Respecting Our Pain: A Workshop on Mindful Awareness and Compassion: for trans*, 2-Spirit, and gender non-conforming people

WHEN: Tuesday October 21, 2014, 6PM-8:30PM

WHERE: Centre for Women and Trans People at U of T

563 Spadina Ave., Room 100.  Wheelchair Access via Bancroft Ave.

Facilitator: Lu Lam, M. Ed, is a trans-identified, Chinese-Taiwanese counsellor trained in mindfulness and critical diversity counselling practices.

This workshop will offer participants a way to respect and connect with their pain (emotional, mental, physical, spiritual, inter-generational) with mindful awareness and compassion. Often, we push away our pain with judgment, fear, and distraction. Although reacting to pain in this way can at times be brilliant action to take, in the long-run, it impacts our holistic health at great costs. Introducing skills in mindful awareness can offer a way for us to become aware of how we relate to our pain and how to relate to the pain with deep self-respect, compassion, kindness and gentleness. Consistent evidence shows how mindfulness based interventions show potential for improving a wide range of physical and mental health issues.

This workshop is for our many communities of self-identified genderqueers, gender fluid, many gendered, 2-Spirit, transsexuals, gender fuckers, gender non-conforming, gender transcending, trans people.

Learning Objectives:

  1. Provide a critical perspective on the cultural social impacts toll on the health of trans communities, who live complex and intersectional identities.
  2. Present a non-pathologizing non-diagnostic integrative health paradigm highlighting “ways of being” in practices of awareness, compassionate acceptance, in juxtaposition to Western culture’s overemphasis on “ways of doing” and pathologization of pain.
  3. Offer mindfulness skills to supporting emotional, mental, physical and spiritual pain and/or illnesses.


Spaces are limited! RSVP is encouraged, but not required. Email cwtpATutorontoDOTca if you are planning to attend.

GenderPoo: Exploring Gender Through Art

Tuesday, September 23, 2014 @ 2:00 pm – 4:00 pm @ Hart House (7 Hart House Circle)

Join us for a fun and interactive workshop exploring gender through art.

Our genders are never fixed, not done, our genders are always learning, growing, transforming. Imagine if you could tell the story of your gender with pens and paper? In this hand-on workshop, you will draw your gender adventure and will use pens, colours and paper to explore your gender, its changes, its desires, its stories. This is a never-ending tale, and you are the hero, the artist and the writer.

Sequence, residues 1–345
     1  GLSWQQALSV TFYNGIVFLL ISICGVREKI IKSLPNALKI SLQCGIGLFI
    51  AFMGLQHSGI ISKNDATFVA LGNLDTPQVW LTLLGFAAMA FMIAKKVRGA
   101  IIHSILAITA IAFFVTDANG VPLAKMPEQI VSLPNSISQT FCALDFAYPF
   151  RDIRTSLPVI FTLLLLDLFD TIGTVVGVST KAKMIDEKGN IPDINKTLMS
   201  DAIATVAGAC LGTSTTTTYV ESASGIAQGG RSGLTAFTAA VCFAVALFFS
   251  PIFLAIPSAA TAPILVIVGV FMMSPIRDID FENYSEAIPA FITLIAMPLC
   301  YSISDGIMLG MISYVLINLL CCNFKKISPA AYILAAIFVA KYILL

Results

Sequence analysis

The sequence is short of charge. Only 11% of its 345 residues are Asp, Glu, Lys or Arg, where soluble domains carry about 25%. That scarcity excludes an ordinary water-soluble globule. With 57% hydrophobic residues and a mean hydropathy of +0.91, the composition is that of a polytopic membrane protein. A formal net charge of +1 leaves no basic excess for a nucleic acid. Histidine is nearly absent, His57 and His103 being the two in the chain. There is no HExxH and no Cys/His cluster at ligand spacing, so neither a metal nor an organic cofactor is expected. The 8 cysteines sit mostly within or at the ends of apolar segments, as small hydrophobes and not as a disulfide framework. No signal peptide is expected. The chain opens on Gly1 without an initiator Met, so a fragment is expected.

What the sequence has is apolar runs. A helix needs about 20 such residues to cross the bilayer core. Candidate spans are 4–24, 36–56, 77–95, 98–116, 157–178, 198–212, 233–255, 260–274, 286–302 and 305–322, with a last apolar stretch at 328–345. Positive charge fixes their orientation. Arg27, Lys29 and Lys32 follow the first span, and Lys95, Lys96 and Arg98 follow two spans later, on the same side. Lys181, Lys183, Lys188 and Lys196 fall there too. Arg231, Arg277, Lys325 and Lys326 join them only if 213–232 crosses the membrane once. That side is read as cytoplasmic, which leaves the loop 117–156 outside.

No drawing skills are needed, only your desire to narrate your gender story.

This event will be facilitated by Coco Riot, which will take inspiration from their ongoing project: GenderPoo.

About Coco Riot:
A queer Spanish artist, Coco Riot grew up with pens in their hands and dreams of revolutions, friendships and walls to draw onto.
Using drawing as their primary medium, Coco loves exploring storytelling through different drawing techniques. From mural making, on-site 3D installations and sculpture to graphic novels and small illustrations, Coco’s work aims to tell a story that inspire questions in the audience about their own experience, feelings, positions in society. Paying very close attention to narration, sensitivity and the representation of emotions, Coco hopes to create an art that is felt and values the audience everyday experiences of life.

Coco is the author of Llueven Queers, the first Spanish graphic novel on queer life. Genderpoo, one of Coco’s installations, has been shown and used by activist in South America, Europe, USA and Canada. Los Fantasmas, a 16m mural reflecting on contemporary Spanish silenced histories, is being shown in galleries in Canda, Argentina and Spain. Coco’s murals and installations can be found in museums, community centres, schools, and events spaces.

Check out Coco’s work here:

This event is organized in partnership with the Sexual and Gender Diversity Office, Get Crafty! at Hart House and the Centre for Women and Trans People.

This event is wheelchair accessible.

For more information:

This event is part of Queer Orientation Week at U of T.

Fall Open House + Bubble Tea!

***Want a personalized tour of the Centre?

***Want to learn more about the ongoing and upcoming programs at the Centre?